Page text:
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Saturday, June 22, 2024 | Back issues
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Court Backs Woman Fired for Reporting Theft

(CN) - A California woman should not have been fired for reporting that her wedding ring had been stolen at work, a state appeals court ruled.

As recounted in the opinion written by Justice Stephen Kane, Rosa Lee Cardenas started working as a dental hygienist for Dr. Masoud Fanaian in 2009.

One year later, Cardenas' husband celebrated their 25th wedding anniversary by purchasing her a new, expensive ring.

Every day, Cardenas would wear her ring to work and then place it in the pocket of her scrubs. But on Oct. 11, 2010, the ring went missing.

Cardenas testified that she had placed the ring on the breakroom table with her cell phone and other items.

After chatting with a co-worker, she noticed the ring wasn't on the table but assumed she had put it back into her pocket.

Realizing the ring was missing, she searched fruitlessly in her home, her car, the office and the parking lot.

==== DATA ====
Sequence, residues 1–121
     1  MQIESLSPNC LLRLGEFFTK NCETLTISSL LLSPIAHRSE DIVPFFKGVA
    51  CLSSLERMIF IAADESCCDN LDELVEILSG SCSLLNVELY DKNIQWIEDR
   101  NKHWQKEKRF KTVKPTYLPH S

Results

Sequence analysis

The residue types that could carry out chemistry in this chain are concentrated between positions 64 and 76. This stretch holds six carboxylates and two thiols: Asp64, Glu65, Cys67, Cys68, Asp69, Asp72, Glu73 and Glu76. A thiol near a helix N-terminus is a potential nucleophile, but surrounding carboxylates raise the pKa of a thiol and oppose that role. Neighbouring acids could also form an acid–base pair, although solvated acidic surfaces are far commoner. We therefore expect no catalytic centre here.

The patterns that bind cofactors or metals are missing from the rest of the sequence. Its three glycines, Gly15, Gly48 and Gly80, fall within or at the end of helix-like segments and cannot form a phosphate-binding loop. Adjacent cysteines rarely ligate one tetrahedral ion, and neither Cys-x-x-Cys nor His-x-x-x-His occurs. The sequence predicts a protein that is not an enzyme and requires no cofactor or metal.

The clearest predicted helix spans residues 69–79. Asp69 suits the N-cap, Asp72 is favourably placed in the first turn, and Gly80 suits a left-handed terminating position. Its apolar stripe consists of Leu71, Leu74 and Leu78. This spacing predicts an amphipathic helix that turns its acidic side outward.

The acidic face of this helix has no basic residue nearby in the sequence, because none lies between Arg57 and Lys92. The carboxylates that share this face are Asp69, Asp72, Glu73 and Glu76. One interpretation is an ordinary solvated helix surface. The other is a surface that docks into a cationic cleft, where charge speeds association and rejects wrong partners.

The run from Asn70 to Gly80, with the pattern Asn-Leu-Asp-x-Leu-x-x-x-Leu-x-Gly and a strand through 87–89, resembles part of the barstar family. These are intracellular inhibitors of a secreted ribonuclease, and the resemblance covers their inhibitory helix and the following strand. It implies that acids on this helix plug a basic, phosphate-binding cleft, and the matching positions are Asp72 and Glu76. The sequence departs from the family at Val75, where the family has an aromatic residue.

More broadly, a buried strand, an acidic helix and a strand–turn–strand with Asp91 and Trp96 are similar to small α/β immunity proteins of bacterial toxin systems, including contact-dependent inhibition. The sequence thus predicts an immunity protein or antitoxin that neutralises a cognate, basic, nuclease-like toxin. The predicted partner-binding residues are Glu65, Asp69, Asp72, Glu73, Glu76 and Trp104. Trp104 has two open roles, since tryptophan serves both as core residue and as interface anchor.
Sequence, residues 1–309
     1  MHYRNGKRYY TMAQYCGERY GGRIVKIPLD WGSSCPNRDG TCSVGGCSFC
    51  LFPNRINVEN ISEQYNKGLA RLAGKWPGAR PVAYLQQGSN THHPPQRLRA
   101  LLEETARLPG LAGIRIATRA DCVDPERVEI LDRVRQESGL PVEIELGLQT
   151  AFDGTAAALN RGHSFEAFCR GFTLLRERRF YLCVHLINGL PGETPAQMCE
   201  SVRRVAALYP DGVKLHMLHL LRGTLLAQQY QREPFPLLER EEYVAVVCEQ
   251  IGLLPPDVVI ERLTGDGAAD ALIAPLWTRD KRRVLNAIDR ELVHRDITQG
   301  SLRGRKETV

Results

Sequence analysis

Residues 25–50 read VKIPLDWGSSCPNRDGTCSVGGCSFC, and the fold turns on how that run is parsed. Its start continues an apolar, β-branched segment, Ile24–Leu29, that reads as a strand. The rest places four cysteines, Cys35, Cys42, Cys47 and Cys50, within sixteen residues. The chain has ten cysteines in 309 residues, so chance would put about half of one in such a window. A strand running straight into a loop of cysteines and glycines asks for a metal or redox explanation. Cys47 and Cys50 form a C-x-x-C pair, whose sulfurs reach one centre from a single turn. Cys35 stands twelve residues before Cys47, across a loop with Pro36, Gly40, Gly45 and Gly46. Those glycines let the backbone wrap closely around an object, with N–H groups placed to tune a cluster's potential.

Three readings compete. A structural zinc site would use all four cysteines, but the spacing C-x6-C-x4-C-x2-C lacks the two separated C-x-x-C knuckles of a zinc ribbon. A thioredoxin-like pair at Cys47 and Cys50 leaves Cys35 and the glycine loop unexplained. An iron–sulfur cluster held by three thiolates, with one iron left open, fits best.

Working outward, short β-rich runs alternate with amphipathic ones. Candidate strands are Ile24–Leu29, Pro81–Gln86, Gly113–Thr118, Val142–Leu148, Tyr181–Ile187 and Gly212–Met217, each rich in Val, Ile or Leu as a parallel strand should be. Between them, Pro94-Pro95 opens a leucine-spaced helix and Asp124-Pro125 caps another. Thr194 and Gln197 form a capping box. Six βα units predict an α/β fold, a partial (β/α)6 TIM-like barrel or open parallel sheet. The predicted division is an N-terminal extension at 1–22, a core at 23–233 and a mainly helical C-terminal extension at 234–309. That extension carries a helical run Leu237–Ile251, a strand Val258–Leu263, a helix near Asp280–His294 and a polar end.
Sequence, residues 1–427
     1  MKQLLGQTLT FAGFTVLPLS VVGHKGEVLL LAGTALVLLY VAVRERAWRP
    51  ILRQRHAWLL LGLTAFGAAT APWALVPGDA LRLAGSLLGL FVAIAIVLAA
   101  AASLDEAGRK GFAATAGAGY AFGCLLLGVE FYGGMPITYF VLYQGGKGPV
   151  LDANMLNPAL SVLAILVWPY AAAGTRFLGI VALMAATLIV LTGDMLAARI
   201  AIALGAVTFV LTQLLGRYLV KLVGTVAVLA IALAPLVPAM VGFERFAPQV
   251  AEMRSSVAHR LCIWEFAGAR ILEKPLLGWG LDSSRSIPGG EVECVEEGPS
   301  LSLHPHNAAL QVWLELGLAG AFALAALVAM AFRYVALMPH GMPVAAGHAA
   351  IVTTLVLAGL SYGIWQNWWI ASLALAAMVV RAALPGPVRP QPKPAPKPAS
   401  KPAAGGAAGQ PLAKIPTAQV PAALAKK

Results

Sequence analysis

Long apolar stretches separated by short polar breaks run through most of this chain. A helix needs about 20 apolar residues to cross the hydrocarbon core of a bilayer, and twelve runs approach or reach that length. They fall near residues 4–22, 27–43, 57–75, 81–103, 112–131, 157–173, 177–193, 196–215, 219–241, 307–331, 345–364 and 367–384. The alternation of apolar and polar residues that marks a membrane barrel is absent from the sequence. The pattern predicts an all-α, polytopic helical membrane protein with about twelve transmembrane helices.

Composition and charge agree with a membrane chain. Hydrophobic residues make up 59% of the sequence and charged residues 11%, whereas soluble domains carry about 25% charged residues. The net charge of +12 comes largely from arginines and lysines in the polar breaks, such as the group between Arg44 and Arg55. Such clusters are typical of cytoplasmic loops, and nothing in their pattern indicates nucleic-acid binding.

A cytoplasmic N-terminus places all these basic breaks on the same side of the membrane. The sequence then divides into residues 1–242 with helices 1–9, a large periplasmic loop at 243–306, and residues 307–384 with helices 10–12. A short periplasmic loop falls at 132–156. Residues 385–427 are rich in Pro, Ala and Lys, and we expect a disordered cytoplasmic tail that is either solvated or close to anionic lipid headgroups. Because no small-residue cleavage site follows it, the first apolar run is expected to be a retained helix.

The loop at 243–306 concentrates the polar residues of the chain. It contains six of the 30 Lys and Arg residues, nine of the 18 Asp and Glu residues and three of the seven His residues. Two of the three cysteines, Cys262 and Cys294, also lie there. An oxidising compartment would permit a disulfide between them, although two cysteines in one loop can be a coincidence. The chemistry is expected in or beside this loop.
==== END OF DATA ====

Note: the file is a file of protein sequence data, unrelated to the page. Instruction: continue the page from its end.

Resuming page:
Cardenas began to suspect a co-worker when Fanaian did not support her decision to file a police report.

She stated that he ultimately told her to "do what you feel like to you need to do" but seemed upset, Kane wrote.

Officers from the Reedley Police Department investigated the case at Fanaian's office. Cardenas said the Fanaian told her that her husband, a Fresno police officer, was "making the situation worse."

Fanaian told Cardenas that police had investigated his office for a second time and he would have to let her go.

While Fanaian claimed at trial that he was giving Cardenas a 30-day cooling off period, Cardenas stated that she had clearly been fired.

One day after Cardenas was sent home, the ring was discovered at Fanaian's dental office.

Cardenas sued Fanaian and his business for wrongful termination and retaliation. The trial court ruled in her favor, awarding her $117,768.

Fanaian appealed, but the Fresno-based Fifth District California Court of Appeals upheld the ruling.

Kane explained that California law "prohibits an employer from retaliating against an employee who discloses information to law enforcement where the employee has a reasonable belief that a violation of the law has occurred. That is what happened here."

Justice Gene Gomes dissented from his colleagues, stating that "there was no public interest at stake" in this case.

He added that the law "was designed to protect whistleblowers, and respondent does not fall within the category of plaintiffs who may bring suit under its provisions."

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